Following this winning streak, key injuries including one to receiver Amani Toomer pushed Manning and the Giants into a downward slide. Playing against the Chicago Bears, Manning started well, but the Giants' offense was derailed by the loss of left tackle Luke Petitgout to a broken leg. Manning was held to only 141 yards passing with two interceptions. Petigout's loss left a gaping hole at the crucial left tackle position, and Manning was unable to repeat his first half success. Manning struggled the next week at Jacksonville and the week after that, a costly interception helped to culminate a huge collapse at Tennessee, with the Giants seeing a 21-point fourth quarter lead simply evaporate. Manning improved the following week, throwing for 270 yards and two touchdowns, but the Giants lost again. Finally regaining momentum, Manning threw three touchdowns in a win at Carolina, but then he stumbled badly in the final three games. He threw two interceptions against the Eagles and tallied only 73 passing yards in a game against the Saints. Although the Giants battled back to 8-8 the following week at Washington, Manning completed only 12 of 26 passes for 101 yards and one touchdown. The Giants qualified for the postseason and met the Eagles again. Although he did significantly better in this game than the 2005 playoff matchup, completing 16 of 27 passes and two touchdowns, the Giants lost on a last-second field goal by the Eagles.
For the year, Manning threw for 3,244 yards, 24 touchdowns and 18 interceptions. He completed 57.7 percent of his passes, a five point improvement from 2005, but he again struggled badly in the second half of the season. Manning finished the season with a quarterback efficiency rating of 77.0 (18th in the league) with 6.2 yards per attempt.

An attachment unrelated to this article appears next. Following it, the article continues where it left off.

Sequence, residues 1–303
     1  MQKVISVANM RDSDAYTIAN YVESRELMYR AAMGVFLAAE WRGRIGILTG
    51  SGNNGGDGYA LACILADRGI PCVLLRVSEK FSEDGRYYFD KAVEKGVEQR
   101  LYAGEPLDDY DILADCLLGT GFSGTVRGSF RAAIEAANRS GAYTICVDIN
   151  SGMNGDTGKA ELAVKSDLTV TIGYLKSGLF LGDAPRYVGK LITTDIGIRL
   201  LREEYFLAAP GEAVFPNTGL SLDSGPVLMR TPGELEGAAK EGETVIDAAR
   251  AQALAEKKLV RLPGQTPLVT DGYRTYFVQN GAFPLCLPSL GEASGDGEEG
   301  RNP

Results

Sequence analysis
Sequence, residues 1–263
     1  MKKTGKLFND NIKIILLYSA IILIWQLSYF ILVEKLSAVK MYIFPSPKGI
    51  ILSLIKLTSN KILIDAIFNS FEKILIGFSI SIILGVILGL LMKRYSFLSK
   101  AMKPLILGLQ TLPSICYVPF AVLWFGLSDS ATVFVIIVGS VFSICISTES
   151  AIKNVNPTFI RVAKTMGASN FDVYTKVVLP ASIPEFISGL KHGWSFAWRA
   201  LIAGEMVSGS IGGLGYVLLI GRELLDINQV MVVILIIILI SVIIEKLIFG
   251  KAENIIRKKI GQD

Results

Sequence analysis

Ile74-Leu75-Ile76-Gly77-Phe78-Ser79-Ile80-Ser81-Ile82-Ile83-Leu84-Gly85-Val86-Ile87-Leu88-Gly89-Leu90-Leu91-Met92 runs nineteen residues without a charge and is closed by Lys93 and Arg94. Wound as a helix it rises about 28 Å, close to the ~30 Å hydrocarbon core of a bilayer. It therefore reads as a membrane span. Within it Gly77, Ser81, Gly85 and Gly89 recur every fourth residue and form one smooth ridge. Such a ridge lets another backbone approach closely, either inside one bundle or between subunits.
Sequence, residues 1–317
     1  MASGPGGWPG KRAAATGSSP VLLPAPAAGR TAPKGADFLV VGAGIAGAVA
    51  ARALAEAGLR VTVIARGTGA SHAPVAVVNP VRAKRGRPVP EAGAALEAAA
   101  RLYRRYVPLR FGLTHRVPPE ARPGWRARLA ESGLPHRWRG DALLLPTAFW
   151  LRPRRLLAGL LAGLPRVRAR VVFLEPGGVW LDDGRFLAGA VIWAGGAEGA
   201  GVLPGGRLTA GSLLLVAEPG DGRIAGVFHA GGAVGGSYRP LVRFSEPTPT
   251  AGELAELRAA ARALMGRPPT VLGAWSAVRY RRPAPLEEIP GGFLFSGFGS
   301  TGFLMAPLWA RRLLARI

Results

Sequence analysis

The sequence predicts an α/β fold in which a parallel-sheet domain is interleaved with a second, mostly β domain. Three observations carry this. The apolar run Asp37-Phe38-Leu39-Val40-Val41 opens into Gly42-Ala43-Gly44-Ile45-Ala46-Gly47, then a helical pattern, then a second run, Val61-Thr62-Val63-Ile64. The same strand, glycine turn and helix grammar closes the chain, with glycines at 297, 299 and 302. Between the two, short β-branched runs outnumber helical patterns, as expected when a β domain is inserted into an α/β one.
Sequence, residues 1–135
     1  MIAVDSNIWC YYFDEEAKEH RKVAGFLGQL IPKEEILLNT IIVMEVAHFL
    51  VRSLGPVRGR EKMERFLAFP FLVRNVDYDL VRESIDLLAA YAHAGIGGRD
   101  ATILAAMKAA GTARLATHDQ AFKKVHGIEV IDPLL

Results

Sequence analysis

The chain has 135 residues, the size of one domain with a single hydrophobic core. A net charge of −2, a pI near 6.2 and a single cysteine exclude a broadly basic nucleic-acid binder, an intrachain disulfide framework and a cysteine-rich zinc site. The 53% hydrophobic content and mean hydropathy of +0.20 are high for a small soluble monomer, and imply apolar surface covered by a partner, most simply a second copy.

2007 season: Super Bowl Champions[edit | edit source]
Preparation for 2007[edit | edit source]
Manning trained in the Meadowlands with offensive coordinator Kevin Gilbride and new quarterbacks coach Chris Palmer. For the first time ever, Plaxico Burress and Jeremy Shockey practiced in the off-season with Manning to perfect their timing and chemistry rather than training alone in Miami as they did in previous years.
Regular season[edit | edit source]
Manning opened the 2007 season with an outstanding personal performance against the Dallas Cowboys, completing 28 of 41 passing attempts for 312 yards, 4 touchdowns, and an interception, but suffered a shoulder sprain and was removed from the game late in the second half. Although he did play against Green Bay in week 2 while throwing for 211 yards with one touchdown, the Giants defense performed poorly again and the team dropped to 0-2 with Green Bay winning, 35-13. In week 3 Manning got a come-from-behind victory as the Giants defense improved, pitching a shutout in the second half and stopping the Washington Redskins on a fourth and goal situation, winning the game 24-17. The Giants defense then shut down the Philadelphia Eagles with an NFL record-tying 12 sacks, holding the Eagles offense to one field goal. The Giants won with a score of 16-3. The following week, Manning overcame a dismal first half to throw for two second-half scores in a 35-24 win over their in-city rivals, the New York Jets.
Following two straight home victories, Manning and the Giants obtained their fourth consecutive victory with a 31-10 defeat of the Atlanta Falcons in the Georgia Dome on Monday Night Football. Manning performed well, completing 27 of 39 passes for 303 yards along with a pair of touchdowns while giving away two interceptions. Behind a dominant defensive effort, the Giants improved to 5-2 the next week with a 33-15 win over the San Francisco 49ers. Manning played well again, throwing for two touchdowns in the effort. In week eight of the season, the Giants played a road game against the Miami Dolphins on October 28, 2007, in London's Wembley Stadium. Manning only threw for 59 yards in the rain and mud, but he scored the Giants' only touchdown on a 10-yard run. This touchdown was the first in an NFL regular season game that was played outside of North America. The Giants defeated the Dolphins, 13–10, bringing the Giants to a 6–2 record at the mid-way point of the 2007 season.